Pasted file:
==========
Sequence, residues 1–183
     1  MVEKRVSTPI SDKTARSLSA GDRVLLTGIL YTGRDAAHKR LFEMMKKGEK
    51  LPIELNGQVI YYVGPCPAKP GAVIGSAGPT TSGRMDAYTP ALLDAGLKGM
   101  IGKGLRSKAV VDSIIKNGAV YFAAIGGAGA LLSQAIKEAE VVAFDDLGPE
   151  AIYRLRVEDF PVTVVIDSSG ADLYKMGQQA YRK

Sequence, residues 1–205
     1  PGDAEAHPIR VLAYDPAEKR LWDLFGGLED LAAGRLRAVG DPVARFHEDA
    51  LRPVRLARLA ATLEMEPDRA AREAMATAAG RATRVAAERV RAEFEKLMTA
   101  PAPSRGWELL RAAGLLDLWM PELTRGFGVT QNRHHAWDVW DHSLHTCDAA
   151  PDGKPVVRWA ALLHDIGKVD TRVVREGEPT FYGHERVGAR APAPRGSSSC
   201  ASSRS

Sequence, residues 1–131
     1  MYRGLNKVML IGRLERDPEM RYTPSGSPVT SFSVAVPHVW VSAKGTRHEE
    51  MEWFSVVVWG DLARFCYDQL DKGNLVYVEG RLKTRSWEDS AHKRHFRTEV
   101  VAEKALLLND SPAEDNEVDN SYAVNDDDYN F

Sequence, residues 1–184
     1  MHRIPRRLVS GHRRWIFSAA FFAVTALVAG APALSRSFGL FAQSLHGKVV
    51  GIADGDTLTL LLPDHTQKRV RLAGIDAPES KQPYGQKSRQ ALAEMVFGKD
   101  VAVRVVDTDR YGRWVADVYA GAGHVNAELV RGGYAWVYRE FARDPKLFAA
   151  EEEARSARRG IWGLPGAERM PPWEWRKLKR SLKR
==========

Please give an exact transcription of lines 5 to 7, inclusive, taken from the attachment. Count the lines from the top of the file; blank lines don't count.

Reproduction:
   151  AIYRLRVEDF PVTVVIDSSG ADLYKMGQQA YRK

Sequence, residues 1–205
     1  PGDAEAHPIR VLAYDPAEKR LWDLFGGLED LAAGRLRAVG DPVARFHEDA